He is generous enough to take my glacial reading pace and limited intelligence into account in marked contrast to his own and has a nearly infallible ability to predict what I'll be interested in. As big a fan as I am of British soldier tales, this was a pretty safe recommendation, and I thoroughly enjoyed reading it, as will you, if cut from the same cloth. The narrative is interesting, historically relevant and refreshingly u My voracious reader friend Tom turns me on to a lot of good books. The narrative is interesting, historically relevant and refreshingly unique given the interesting theater occupied Crete and the relative paucity of similar tales, given the comparatively small number of soldiers operating in the way that our hero, W.

Stanley Moss and his band of compatriots did. So there you have it. As an intriguing and realistic tale of WWII commando hijinks, engagingly told by an intelligent narrator who doesn't take himself too seriously, this is a fine book, and I recommend it to readers like me. That said, I can't just abandon being a critic if I'm writing a review, right? I ask myself, "would someone who wasn't such a fan of the genre as I am, enjoy this book?

It's a diary, after all, and Moss was busy soldiering when he scrawled it under conditions considerably less ideal than those under which I'm typing my haughty review. It seems fair, then, to compare this to similar works like the John Masters book "Bengals and a Lance" which I read a couple of years ago of the genre.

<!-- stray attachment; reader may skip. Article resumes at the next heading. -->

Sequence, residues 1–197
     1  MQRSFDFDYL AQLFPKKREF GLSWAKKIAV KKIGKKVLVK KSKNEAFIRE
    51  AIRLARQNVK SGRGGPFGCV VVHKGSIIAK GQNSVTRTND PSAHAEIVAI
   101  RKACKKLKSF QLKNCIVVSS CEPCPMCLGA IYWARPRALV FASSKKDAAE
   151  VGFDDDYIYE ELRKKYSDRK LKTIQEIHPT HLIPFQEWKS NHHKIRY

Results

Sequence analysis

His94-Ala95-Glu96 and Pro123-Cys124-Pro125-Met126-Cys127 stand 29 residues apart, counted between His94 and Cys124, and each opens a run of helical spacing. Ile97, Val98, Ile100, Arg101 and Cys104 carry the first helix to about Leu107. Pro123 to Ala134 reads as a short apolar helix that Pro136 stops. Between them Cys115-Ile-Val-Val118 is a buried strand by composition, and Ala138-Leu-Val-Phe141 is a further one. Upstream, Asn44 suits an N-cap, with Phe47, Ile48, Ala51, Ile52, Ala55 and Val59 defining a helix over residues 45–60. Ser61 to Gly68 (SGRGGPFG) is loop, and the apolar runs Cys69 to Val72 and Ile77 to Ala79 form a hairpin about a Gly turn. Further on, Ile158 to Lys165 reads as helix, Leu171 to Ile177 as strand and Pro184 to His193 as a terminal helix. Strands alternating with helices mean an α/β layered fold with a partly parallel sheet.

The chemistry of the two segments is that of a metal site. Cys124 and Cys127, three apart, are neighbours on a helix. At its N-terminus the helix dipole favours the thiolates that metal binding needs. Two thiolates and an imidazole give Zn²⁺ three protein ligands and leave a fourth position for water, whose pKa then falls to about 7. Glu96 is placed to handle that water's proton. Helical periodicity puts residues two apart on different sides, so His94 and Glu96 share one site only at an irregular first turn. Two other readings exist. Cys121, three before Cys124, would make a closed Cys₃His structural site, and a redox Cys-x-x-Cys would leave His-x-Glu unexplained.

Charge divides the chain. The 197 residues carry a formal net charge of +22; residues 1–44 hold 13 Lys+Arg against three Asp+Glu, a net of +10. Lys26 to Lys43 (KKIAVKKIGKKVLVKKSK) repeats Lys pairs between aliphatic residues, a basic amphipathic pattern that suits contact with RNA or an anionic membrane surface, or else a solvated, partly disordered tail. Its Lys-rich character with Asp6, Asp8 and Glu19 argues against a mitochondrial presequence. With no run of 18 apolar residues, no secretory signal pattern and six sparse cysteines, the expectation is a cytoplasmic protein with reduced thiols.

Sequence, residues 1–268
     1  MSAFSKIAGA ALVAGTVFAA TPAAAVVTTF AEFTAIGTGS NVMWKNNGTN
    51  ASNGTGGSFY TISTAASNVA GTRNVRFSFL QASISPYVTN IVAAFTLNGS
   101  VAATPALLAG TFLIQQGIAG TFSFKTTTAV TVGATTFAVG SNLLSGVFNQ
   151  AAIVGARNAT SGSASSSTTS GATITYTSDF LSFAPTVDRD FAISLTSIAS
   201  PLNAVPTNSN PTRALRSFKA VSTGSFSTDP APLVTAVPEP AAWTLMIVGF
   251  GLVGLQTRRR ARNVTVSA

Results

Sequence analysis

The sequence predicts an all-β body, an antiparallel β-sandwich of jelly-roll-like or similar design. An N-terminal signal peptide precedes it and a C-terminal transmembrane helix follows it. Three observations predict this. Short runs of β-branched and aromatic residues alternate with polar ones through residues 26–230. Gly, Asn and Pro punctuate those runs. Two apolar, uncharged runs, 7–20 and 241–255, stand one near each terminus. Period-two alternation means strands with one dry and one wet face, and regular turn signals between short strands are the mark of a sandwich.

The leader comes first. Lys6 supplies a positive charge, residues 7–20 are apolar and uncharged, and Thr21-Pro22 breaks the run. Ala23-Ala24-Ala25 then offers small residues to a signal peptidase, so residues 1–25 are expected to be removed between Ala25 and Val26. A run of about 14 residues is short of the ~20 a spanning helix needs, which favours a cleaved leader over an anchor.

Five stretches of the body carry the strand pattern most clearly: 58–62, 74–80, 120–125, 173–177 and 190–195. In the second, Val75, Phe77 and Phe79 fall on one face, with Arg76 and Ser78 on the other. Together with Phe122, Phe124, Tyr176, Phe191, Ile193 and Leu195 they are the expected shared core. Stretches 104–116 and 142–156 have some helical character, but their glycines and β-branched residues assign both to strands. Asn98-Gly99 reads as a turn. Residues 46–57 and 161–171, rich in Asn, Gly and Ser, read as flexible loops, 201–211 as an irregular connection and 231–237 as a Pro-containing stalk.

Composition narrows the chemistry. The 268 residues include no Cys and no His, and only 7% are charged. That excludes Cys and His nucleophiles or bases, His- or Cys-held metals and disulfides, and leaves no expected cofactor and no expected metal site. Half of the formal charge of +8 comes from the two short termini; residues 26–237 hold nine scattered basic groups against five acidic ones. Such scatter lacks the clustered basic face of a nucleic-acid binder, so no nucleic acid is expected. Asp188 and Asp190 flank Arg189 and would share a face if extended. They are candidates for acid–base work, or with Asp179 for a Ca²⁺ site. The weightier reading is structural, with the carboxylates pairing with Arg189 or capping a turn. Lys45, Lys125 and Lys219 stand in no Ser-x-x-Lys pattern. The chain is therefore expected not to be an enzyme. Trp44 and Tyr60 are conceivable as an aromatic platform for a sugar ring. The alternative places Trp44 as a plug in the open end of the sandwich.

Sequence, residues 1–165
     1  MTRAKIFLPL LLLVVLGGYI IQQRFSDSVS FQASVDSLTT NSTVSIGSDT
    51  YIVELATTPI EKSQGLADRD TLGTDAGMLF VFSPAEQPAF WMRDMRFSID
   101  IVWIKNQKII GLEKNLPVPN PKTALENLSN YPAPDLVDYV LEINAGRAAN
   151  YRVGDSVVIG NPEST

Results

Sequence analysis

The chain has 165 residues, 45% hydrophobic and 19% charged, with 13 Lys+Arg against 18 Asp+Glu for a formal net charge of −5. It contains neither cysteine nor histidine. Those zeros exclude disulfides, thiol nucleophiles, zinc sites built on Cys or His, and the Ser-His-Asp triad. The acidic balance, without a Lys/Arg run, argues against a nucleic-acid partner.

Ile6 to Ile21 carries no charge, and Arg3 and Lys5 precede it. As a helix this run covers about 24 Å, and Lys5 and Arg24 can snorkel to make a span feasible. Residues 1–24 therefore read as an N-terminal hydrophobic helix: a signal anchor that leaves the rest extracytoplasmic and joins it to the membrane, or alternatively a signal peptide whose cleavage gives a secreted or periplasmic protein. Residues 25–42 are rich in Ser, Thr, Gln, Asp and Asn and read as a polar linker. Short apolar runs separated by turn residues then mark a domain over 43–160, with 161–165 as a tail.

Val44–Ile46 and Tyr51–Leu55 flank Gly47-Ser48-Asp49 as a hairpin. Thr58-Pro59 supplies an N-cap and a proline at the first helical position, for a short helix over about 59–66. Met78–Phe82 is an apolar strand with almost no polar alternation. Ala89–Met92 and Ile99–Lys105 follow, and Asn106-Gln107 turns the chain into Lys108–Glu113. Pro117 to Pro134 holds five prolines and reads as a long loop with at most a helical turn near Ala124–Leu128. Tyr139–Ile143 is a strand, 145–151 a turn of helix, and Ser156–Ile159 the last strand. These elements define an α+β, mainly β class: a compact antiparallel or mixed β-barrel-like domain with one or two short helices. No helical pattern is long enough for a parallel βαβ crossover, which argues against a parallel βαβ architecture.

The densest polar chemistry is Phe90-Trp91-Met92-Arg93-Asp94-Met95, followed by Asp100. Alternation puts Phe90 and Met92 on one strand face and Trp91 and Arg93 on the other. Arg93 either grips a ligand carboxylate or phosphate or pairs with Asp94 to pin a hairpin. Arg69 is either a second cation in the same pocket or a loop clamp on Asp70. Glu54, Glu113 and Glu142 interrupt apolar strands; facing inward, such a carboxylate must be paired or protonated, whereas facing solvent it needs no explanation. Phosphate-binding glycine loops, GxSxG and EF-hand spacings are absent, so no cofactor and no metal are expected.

Moss offered a very few tantalizing descriptive passages which whet my appetite for more MUCH more , to help me picture the island of Crete at that time, and to help me escape into that time and place with him, but there wasn't enough. The other characters? Yes, good descriptions of those were helpful I'll take a giant leap here and suggest that Moss is much more of an extrovert than I am and that other writers I've enjoyed have been so it was natural for him to spend much more time describing the people around him, than the place itself.

If he sought human interaction to a high degree, that would give him less time to study and dwell on his surroundings. It might not even occur to him that people would be particularly interested in hearing about those, as opposed to the interesting people met along the way. I was also disappointed in the amount of tension I felt throughout.

Perhaps Moss was unable or unwilling to unzip his British stiff upper lip enough to portray this as the tense, nerve-wracking expedition that it was, or perhaps it just didn't occur to him that that's what later readers would want in it. A screen writer almost certainly would have worked hard to add a lot more tension. When not dodging Nazi patrols or Cretan Communists, Moss kept a dangerously accurate, remarkably literate journal describing in detail the English special ops agents, the partisans they enlisted, and the plan they executed.